**68a Kelmscott Road, Wandsworth**, SW11, is a modern building by Simon Humphreys, 1998, whose volume is defined by the Fibonacci series.

**Marble Hill House, Twickenham**, has a main room which is cubical (24 ft cube, if I remember correctly). In one of the upper bedrooms are two lacquered tin canisters in the shape of dodecahedra. They are Pontypool ware, English, 19C, labelled Coffee and Tea.

**Sudbrook Park**, now the Richmond Golf Club, but actually in Petersham, has a 1726 house designed by James Gibbs with a handsome Cube Room. It is grudgingly open to visitors.

Modern concrete and fabric architecture has produced a number of buildings and structures using three-dimensional saddle Surfaces, usually hyperbolic paraboloids, though cooling towers are usually hyperboloids of revolution of one sheet. These sometimes occur because they are ruled surfaces and hence it is easy to make the forms for the concrete. I think a fabric panel tensioned at the corners, with two alternate corners going upward and the other two other going downward, does form a hyperbolic paraboloid.

According to Ian Nairns book, there are hyperbolic paraboloids at:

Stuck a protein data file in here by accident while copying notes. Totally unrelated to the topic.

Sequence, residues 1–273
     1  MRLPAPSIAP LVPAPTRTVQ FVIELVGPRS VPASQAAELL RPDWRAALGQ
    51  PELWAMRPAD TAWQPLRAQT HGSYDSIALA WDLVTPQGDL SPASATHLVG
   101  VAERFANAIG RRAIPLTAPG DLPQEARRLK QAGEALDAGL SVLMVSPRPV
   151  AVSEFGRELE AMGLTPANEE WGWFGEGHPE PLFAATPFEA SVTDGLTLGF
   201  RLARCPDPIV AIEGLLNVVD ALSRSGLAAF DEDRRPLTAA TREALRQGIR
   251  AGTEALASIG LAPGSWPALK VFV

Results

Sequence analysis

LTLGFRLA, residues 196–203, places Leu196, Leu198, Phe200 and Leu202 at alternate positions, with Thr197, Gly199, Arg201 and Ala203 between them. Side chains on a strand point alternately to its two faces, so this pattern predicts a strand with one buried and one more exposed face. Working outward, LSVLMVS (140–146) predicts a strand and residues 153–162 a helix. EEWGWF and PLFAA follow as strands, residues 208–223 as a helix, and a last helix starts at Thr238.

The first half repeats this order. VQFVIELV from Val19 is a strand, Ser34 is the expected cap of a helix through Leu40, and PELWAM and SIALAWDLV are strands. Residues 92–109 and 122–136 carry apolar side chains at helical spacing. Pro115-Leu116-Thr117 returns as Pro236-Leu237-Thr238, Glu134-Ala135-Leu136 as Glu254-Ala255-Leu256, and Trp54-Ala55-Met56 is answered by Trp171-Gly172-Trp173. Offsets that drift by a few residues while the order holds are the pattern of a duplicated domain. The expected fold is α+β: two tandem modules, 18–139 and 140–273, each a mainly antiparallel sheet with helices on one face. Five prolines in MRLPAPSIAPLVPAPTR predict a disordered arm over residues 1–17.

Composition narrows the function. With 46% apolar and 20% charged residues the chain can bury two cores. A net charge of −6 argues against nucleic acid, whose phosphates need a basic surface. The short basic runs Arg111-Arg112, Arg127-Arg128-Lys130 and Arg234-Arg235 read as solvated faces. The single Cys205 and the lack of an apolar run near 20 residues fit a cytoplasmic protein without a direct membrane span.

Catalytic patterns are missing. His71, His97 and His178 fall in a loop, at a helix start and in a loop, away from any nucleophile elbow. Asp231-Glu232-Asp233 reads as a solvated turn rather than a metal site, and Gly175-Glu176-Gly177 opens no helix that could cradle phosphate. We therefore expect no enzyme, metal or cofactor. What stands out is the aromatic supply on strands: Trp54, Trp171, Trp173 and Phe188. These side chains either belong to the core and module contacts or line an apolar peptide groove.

The Commonwealth Institute, Kensington High Street (on three supports, which sounds more like a monkey saddle??) (1960-1962);

Two Bishops School, Southwark (a tent shape with four corners turned up) (1959-1960).

There are ten known examples of **Mathematical Tiles** in London.

The *Notes of Ewell Symposium* describes six examples:

Cheam Rectory, 15 Maldon Road, Cheam;

13 Crown Hill, Croydon (where there were many examples in the 19C and nearby 35 Surrey Street may have mathematical tiles);

Queensbury House, 7 Burlington Gardens (where the tiles occur around a roof enclosure);

4 John Street (where the tiles are on a rear bay);

74 Long Lane, Smithfield (where the nearby gate of St Bartholomews Priory had mathematical tiles until restored in the early 20C).

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